2) Reducing investment and available housing stock to rent: An argument often made by the letting industry is that licensing schemes will result in landlords fleeing the rental market and therefore reducing the dwellings available for rent.
Again, there is little evidence to support this argument. Newham, which has had a licensing scheme in operation since January 2013 and renewed in 2017 saw the PRS increase over that period from 40% to 51%.
Some professional landlords have said to me off the record that they value licensing schemes and believe they are driving criminals out (often quickly followed by, “as long as the fee is kept sensible”). The rationale behind this view is long term professional property investors do not want their investments put at risk by slum landlords who seek to cut every available legal and business corner.
3) Landlords should not be held responsible for bad tenants: Landlords tend to criticise the anti-social behaviour conditions attached to licensing, arguing that they have no way of dealing with their tenants’ anti-social behaviour and often suffer economic loss themselves due to their tenant’s behaviour.
This criticism misses the fact some of the most common types of ASB are caused by poor property management, in particular overcrowding of properties which can lead to: overflowing bins; rubbish in front and rear gardens; domestic arguments sparked by lack of amenities, noise etc. Most of these issues could be resolved through better provision of bins or arrangement of a commercial contract, proper management when tenants move in and out to ensure rubbish is cleared before a new tenancy starts. More complex ASB issues should be managed in partnership with Police and the council to help tackle the problem as early as possible.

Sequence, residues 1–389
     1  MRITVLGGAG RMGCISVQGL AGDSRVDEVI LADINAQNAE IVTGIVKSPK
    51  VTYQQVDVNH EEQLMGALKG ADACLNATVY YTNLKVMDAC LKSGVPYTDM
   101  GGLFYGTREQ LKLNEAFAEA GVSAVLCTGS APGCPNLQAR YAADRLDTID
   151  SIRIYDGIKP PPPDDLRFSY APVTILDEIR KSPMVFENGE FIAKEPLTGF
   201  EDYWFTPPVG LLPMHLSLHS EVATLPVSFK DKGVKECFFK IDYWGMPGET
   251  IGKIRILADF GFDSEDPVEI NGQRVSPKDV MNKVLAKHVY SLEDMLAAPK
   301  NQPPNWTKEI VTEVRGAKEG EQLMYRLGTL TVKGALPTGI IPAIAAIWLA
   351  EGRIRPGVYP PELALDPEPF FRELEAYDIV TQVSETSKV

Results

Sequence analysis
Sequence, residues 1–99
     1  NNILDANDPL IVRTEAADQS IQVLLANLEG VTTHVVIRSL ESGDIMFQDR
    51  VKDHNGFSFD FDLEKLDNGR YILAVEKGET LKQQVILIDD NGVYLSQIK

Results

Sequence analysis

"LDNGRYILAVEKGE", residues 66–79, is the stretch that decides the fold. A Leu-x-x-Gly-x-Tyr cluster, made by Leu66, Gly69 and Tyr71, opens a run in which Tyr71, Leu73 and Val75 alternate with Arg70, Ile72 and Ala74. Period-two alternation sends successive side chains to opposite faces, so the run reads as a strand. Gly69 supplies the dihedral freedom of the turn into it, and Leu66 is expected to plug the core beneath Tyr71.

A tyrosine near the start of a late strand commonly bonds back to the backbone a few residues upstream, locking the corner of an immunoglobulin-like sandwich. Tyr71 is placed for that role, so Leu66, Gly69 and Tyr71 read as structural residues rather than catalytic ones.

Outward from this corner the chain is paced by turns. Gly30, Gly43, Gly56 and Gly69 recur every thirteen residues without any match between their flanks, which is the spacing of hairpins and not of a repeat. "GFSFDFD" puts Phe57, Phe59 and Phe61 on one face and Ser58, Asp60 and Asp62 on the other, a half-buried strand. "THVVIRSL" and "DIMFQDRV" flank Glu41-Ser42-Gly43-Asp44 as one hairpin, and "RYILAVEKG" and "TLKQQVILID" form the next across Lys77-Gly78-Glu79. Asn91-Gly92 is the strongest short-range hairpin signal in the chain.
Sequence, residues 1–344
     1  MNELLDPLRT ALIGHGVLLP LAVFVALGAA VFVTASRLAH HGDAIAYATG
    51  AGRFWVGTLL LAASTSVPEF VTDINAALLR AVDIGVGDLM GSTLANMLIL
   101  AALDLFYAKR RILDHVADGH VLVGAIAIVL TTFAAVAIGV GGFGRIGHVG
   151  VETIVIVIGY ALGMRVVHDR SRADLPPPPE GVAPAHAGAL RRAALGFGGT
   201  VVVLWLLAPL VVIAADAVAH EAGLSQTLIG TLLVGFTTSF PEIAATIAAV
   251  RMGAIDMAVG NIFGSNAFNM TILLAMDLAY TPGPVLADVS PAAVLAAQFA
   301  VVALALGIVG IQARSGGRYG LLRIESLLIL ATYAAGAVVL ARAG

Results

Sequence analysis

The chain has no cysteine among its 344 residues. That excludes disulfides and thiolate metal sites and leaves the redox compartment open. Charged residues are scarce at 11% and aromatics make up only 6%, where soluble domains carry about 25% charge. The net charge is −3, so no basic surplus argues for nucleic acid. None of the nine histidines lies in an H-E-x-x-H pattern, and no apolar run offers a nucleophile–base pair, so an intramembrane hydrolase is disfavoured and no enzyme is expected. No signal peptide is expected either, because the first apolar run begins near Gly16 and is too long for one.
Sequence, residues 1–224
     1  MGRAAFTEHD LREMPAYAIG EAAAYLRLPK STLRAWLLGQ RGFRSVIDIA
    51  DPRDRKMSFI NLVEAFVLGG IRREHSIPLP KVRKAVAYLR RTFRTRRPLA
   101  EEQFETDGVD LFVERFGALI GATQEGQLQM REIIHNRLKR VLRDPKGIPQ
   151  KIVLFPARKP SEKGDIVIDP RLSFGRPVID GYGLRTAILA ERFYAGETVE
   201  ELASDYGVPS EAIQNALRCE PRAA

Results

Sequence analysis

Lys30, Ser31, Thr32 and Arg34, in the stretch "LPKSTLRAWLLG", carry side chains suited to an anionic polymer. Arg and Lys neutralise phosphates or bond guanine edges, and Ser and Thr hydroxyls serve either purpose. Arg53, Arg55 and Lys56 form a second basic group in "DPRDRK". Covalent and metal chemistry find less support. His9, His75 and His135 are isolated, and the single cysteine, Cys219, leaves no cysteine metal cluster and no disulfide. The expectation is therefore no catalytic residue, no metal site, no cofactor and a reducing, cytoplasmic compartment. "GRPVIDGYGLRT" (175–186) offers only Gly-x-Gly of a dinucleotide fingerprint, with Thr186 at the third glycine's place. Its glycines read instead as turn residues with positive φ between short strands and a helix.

If the PRS is to become a sustainable tenure into the future, landlords need to view their rental property as a business. If the business is causing issues for the community, they can’t simply shrug their shoulders and leave the community to suffer and tax payers to pick up the bill.
4) Enough legislation in place already: An argument is often made that the PRS is already over regulated, and that local authorities are not making the most of their existing powers. Therefore, there is no need for more licensing.
I can see how landlords might arrive at this conclusion, however as a housing regulator of nearly 20 years practice, this view is just wrong.
The truth is there are a number of serious flaws in legislation which mean that without licensing, local authorities struggle to act effectively to regulate the sector and hold bad landlords to account. It should be noted that authorities with licensing schemes have a much better record of taking successful enforcement action compared to those only using the traditional Housing Act improvement notice approach.